HAPPY LABOR DAY WEEKEND!: Dedicated to the hard work that made and still makes this country great.
Every once in a while you will find this incredible sculpture towering on top of a pick-up truck in Times Square. It replicates the famous photograph of the iron workers taking a lunch break atop the Chrysler Building in 1930. The sculpture is made by a Broadway theatre set designer who will also sell miniature versions of this to the tourists. Thanks to fellow blogger Candy Lopez Galas, I have found the artist’s web site. He is Sergio Furnari. The photo here seemed appropriate for this Labor Day weekend.
SOMETIMES YOU JUST FEEL LIKE SLEEPING IN: “God the moon is so bright! Oh, uh, huh? Noon?!?!”
I am used to seeing the homeless sleep on the street at night or in doorways, but you don’t see it so often in the bright sun of high noon. Must’ve been one helluva night.
THE LONG GOODBYE: It’s 1:12 am, he doesn’t want to go, she doesn’t want to go. The afterglow of the day is too great. His train leaves at 1:16 am. They have four more minutes to nuzzle and hold onto each other, not realizing they are experiencing the rare moment of being completely alone in Grand Central Station.
LYPSINKA TAKES MANHATTAN: In preparation for 2011’s Fashion’s Night Out Event, lip synch artist extrodinaire Lypsinka poses in Bergdorf Goodman’s windows on Fifth Avenue for her fashion shoot to accentuate the glamour of the event. Appropriately Tiffany, where Lypsinka has just spent the afternoon shopping, is reflected in the glass.
This year’s event is on Thursday, September 6.
REWARD: Lost dog – pure breed Boston Terrier named Lucy. Approx. 25 lbs. Has blue painted nails. Last seen Woodside 63rd Street. Reward $500.
Lost human – female named Phenelie Jean-Francois. Approx. 140 lbs. Is wearing red t-shirt. Last seen Sunnyside 39th Street & 43rd Avenue. Reward $ none.
I *AM* BIG. IT’S THE *PICTURES* THAT GOT SMALL! “
There’s nothing tragic about being fifty. Not unless you’re trying to be twenty-five.”
(Joe Gillis/Sunset Boulevard)
My eyes are always open as I walk around New York, but I also have my ears open at all times – no iPod! As I turn the corner of 49th Street and Seventh Avenue I overhear bits of a conversation that fascinate me instantly. “I used to strip right ovah there, I made big money. They treated us girls good in those days.”
On the ground, cozied up to a handbag street vendor is a faded aged stripper with jet black hair and jet black outfit to match. Her low halter top is barely staying up from the weight of all the diamond broaches she has pinned to it. Her hand rattles from the diamond studded bracelets she is wearing, her fingers snarled with age. The toes are painted silver to match the stiletto shoes. Her face has seen one too many facelifts and the makeup is heavy. Her voice low and gravely: “Not all the girls kept their figure like me, I still got it . . . you think so honey? I was the lead stripper, right ovah there!” The south African faux handbag salesman is beat by the heat and just listens in amazement of her retelling of the Times Square that once was. She is pointing to the current Seventh Avenue strip club called ‘Lace’, a meager shadow of what it once was in the 1960’s and 70’s.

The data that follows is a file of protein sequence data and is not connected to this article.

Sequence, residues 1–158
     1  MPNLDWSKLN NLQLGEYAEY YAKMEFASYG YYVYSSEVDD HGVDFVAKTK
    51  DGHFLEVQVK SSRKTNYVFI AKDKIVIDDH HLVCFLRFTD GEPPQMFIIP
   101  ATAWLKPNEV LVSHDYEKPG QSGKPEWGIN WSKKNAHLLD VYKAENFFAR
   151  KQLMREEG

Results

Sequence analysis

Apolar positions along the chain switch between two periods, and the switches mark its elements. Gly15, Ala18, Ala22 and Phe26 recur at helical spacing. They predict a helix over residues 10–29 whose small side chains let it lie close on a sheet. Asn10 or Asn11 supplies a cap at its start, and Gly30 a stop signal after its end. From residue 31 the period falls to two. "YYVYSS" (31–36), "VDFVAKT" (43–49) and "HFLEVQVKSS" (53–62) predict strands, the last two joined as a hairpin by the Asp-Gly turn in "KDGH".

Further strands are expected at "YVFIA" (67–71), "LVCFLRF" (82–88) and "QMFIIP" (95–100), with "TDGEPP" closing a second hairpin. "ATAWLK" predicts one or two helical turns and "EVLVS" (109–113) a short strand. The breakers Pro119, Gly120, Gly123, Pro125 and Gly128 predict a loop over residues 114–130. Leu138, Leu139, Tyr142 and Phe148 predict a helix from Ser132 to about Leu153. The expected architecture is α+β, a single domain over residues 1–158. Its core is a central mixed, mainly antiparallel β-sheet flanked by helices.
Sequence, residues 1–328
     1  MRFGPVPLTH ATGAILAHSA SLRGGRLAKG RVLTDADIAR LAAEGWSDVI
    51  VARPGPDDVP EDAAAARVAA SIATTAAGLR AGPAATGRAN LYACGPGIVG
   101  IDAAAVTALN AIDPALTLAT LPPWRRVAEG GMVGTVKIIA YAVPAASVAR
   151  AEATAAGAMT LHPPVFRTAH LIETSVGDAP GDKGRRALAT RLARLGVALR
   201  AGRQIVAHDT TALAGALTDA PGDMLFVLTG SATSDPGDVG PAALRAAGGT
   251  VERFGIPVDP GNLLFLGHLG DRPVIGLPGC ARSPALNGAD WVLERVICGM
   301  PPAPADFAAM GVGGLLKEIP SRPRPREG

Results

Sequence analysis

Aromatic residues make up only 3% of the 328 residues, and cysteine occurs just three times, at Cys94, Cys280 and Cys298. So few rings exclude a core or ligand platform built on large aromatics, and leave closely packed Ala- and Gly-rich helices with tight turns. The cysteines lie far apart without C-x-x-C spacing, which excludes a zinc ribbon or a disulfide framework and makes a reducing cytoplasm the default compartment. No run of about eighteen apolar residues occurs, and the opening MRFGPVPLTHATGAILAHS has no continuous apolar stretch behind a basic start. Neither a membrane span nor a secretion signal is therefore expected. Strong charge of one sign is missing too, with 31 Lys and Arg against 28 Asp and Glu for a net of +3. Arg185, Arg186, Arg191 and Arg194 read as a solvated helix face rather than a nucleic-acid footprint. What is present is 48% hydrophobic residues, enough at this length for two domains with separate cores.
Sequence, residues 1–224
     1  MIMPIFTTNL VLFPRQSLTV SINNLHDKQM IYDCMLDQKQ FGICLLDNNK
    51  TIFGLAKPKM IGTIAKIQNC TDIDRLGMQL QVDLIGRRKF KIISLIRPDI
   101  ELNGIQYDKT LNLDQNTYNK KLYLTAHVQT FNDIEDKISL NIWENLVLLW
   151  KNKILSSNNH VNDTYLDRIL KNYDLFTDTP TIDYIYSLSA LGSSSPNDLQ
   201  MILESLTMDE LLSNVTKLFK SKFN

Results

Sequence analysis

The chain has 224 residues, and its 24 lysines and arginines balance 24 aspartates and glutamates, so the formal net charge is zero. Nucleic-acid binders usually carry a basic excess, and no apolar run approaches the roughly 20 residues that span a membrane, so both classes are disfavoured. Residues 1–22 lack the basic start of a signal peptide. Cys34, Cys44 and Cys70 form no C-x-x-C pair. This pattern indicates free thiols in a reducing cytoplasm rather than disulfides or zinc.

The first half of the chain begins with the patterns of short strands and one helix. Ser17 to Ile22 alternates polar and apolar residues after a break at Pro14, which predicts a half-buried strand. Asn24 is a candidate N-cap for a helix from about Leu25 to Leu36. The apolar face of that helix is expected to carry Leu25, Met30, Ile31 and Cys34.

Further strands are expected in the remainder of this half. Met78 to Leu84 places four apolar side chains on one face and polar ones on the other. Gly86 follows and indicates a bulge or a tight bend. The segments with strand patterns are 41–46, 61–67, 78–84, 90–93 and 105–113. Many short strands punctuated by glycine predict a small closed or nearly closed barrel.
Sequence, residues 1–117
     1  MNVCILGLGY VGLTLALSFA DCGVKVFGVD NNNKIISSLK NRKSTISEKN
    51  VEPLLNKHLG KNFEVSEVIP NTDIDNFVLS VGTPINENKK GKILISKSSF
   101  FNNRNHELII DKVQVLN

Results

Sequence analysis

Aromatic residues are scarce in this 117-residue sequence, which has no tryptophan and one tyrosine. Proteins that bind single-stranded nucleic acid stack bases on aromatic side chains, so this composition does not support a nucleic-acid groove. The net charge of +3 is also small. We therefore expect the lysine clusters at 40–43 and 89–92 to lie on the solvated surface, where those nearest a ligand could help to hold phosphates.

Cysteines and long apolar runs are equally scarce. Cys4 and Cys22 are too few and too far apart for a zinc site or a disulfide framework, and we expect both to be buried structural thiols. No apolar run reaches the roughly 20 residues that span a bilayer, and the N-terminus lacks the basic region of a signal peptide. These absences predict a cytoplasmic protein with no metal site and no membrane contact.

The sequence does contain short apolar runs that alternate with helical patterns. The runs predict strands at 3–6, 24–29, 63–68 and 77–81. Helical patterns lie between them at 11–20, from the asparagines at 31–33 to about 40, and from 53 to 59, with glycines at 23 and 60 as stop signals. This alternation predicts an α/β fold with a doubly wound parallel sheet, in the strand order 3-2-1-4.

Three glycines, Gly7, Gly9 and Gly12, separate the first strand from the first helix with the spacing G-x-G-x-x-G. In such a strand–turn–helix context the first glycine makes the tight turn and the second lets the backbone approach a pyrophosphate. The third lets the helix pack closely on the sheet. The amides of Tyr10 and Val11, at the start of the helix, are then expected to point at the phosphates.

As she talks to him, I remember – purple hued light coming from out the door, big neon lit marquis overhead. Painted white windows on each side of the entranceway with just a small round clear hole that had a glimpse of the bar. When the doors opened and closed as the gentlemen came and went, you could get a titillating glimpse of the girls in their pasties dancing to the sexy music in a trance on the bar. I thought it was wonderful.
“How much is the Gucci bag?” a tourist asks, he has to get back to work.
GUMBY!: Black leather vest in a heat wave, black work-out gloves, greased down black hair, pierced ears, gun tattoo, torpedoes tattoo, voodoo tattoo, skull tattoo, chains, black harem-like pants over black leggings and . . .
a Gumby bag – of course!
(Grand Central 7 train subway station, 11:30pm.)
WHERE IS MY MAN?: It’s thirty-seven minutes after twelve noon, lunch was to be at twelve. ‘Where is my man? Should I have told him it’s his? Is it his? Who was that guy?? What was his name? Should I have worn this top? Do I want a burger or a pizza? How much longer should I wait? Why doesn’t he answer his phone? Fries or a salad? Where is my man?’